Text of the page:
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Thursday, 25 April, 2002, 17:02 GMT 18:02 UK
In search of peace and quiet
If you're in an office like mine, there'll be several phones ringing (at least one of which will be a mobile abandoned on a desk), the rattle of keyboards, the hum of the air conditioning and the burble of half-heard conversations.
We live in an increasingly noisy world. And the more you listen the louder it all seems.
Keep hanging on
More than two-thirds of Britons now own a mobile phone.
Not only do these handy gadgets allow millions to conduct seemingly one-sided conversations in public - or beep away as we text - each and every one of us has at some point "tested" the ringing tones within earshot of some hapless listener.
Ever seen the incredibly annoying phone user bellowing "I'm in a RESTAURANT" (cinema, gallery, bookshop...) in comedian Dom Joly's sketch show? That's you, that is.
No sleep in the flight path
And despite the European Court of Human Rights ruling that night flights at Heathrow breached residents' right to an undisturbed sleep, these have continued as the government is appealing against the decision.
Pump up the volume
Even when we're alone, we don't really like to be all by ourselves.
And those sat at a computer have a worldwide web of choices open to them. Radio audiences are reaching a record high in the UK as more internet users tune in while they surf.
Not from these parts
Social conditioning can determine which noises get your back up.
Or you've bought an inner-city pad in a converted warehouse, and have united with fellow apartment dwellers against the noisy revellers who insist on partying in the bars lining your quayside.
Honestly. What did you expect?
Rest in peace
Ah, the sweet sound of wind chimes in the breeze - but when the breeze gets up, the tranquil tinkling turns to discordant jangling.
Not only has the New Age fad for chimes led to unpleasant scenes between neighbours, councils and clergy are being swamped with complaints about chimes in cemeteries up and down the UK.
At Stafford Cemetery, where 130 chimes have distracted mourners and driven away wildlife, staff have slapped a ban on the rowdy graveside tributes.
In the United States, the League for the Hard of Hearing marked last year's International Noise Awareness Day by conducting a noise tour of eight main cities.
With a diner in Chicago and a Starbucks in Los Angeles topping 70 decibels, that's the equivalent of a small orchestra striking up at the next table.
In 1996, the World Health Organisation declared noise to be a significant threat to health. Earlier it recommended that we should have the right to decide the quality of the acoustic climate in which we live.
Now if someone could just point that out to the guy in the upstairs flat who insists on using power tools and mallets at 8am...
What noises wind you up? And is it even possible to find peace and quiet these days? Let us know using the form below. Here's some of your comments so far:
My teenage neighbours listen to rap and techno music together, each in his own flat. They open the windows and turn the music up. At the end of each track, they scream comments from balcony to balcony.
Trevor Lawrence, St Martin NA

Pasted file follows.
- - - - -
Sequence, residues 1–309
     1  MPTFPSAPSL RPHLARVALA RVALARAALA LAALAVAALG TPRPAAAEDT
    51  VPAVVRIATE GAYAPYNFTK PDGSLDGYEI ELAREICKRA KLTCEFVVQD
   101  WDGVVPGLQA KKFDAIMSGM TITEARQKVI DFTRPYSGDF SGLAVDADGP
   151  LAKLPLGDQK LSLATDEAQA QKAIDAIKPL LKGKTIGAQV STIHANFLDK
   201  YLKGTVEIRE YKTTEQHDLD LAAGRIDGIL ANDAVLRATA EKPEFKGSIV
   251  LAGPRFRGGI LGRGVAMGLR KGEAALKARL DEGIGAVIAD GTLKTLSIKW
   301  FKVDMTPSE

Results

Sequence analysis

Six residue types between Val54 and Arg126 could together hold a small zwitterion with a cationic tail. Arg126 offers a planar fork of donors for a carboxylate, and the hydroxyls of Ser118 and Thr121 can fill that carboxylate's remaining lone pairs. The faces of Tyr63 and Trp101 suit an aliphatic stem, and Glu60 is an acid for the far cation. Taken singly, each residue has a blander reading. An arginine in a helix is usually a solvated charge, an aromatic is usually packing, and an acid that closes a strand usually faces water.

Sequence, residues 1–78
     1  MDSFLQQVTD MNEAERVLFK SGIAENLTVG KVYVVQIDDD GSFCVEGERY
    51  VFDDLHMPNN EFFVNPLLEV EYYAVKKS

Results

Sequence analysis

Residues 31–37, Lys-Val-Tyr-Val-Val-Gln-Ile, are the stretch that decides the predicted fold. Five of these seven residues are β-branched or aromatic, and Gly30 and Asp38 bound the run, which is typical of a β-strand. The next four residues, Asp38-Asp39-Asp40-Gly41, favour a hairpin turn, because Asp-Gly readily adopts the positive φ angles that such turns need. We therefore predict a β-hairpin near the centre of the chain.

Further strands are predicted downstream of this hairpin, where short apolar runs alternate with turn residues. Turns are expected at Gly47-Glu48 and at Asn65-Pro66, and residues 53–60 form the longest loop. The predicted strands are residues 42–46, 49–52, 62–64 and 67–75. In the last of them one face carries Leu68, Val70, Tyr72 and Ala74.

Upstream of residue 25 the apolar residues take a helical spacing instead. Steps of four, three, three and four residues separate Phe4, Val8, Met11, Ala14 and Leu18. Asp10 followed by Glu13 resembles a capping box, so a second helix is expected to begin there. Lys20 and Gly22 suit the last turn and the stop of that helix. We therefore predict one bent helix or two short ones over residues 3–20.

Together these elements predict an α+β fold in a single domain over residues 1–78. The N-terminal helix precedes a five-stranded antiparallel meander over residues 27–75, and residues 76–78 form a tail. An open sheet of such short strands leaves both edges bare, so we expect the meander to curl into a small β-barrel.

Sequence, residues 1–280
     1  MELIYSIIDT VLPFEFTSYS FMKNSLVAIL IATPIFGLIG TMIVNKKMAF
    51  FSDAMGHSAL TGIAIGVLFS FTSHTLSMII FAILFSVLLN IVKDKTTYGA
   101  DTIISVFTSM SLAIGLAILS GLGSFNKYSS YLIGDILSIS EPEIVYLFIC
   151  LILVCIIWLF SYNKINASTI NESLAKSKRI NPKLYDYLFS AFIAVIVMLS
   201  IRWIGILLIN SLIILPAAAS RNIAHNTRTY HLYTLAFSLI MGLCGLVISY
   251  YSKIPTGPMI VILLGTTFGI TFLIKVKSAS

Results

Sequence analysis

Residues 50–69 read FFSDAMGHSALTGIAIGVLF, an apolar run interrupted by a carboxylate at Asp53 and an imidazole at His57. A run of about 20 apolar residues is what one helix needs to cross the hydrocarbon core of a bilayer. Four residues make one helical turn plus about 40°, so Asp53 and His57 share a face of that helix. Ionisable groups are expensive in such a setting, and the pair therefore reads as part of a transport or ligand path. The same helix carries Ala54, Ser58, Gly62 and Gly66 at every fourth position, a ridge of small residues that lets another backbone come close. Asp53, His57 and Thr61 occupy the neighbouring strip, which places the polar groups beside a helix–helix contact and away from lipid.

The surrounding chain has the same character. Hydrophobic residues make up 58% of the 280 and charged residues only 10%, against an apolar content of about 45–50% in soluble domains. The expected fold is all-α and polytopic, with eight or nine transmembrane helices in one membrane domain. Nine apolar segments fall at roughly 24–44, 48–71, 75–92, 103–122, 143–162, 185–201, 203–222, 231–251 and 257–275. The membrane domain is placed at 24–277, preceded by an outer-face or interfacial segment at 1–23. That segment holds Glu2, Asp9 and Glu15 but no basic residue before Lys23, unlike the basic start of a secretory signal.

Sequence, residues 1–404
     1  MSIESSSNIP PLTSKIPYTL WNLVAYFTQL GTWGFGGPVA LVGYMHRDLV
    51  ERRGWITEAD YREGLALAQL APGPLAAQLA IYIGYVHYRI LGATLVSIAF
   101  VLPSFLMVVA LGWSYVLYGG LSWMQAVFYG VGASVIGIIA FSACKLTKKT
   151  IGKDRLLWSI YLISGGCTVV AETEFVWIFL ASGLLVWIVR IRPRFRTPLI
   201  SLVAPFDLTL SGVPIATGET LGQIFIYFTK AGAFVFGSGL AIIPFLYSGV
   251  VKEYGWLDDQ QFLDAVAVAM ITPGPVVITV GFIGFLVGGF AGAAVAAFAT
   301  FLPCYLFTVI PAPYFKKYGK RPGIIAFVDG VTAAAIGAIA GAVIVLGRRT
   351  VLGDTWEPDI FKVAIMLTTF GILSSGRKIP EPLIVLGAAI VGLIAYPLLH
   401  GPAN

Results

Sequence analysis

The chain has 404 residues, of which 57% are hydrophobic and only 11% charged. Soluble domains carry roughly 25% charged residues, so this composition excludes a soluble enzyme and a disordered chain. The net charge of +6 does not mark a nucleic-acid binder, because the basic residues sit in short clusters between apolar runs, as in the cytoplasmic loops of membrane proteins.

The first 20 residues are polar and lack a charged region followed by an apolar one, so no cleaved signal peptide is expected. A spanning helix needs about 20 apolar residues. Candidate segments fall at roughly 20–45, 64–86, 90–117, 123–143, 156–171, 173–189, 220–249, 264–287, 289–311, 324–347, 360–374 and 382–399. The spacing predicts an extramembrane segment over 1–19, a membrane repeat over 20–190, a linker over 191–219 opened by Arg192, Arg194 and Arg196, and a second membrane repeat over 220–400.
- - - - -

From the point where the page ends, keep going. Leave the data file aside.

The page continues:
There is nothing that equals the silence of a glider cockpit at height. No engines, no mobiles, no music - just the gentle hiss of the wind. Can't beat it.
Neighbours who go clubbing every night, returning at 3am only to continue loud into the night. When asked to consider their neighbours one morning, they shouted at me for waking them up.
I can't control flights from Luton or racing cars in LA but I'm going to speak in low voice so only the person to whom I'm speaking can listen; control my TV volume so neighbours or people in other rooms cannot listen.
Chris, Somerset, England
Whilst on holiday in Istanbul, I took a boat trip to an island famed for allowing no cars. I was looking forward to a relaxing afternoon - an opportunity to unwind, to think in peace. What greeted me? A bar playing loud trance music and hundreds of mobiles ringing.
More people should be made aware of the damage that can be done by attending concerts, nightclubs, pubs etc. I have developed tinnitus which means silence is more irritating than background noise. Sleep is disturbed and according to the medical people there is no going back - be careful out there!
The incessant and badly rung bells at the local church every second Friday evening - how hard is it to "ding-dong" and not "dong-ding"?
M Slater, UK
It's true - neither are you allowed to drill, hammer etc on a Sunday or between noon and 3pm any other day. Professional "handymen" can carry on all day, but still not on Sundays.
The constant "dah da-da-da da-dah, clunk clunk thud ching" of the gaming machine in my local when I'm trying to have a quiet lunchtime pint and read my paper.
Screaming kids in supermarkets - I don't mind my own kids playing up but when someone else's start I feel like screaming back. Then there is the York Ghost Tour guide - every night he shouts "bring out your dead" outside my window. On Halloween we threw a "corpse" from the second floor.
Surely it has gone too far when a bartender cannot hear you yelling your drinks order over the "background" music.
Sam Chapman, Japan
I'm now in a totally quiet environment but the humming of the fan in my PC is really starting to get on my nerves.
I live near Luton Airport but it's not the planes that are noisy - there's some open land nearby and someone rides their dirt bike on it in the early hours. It sounds like an angry wasp in a baked bean tin. And my neighbour and his mates laughing and shouting at something on his new satellite TV at 2.30am.
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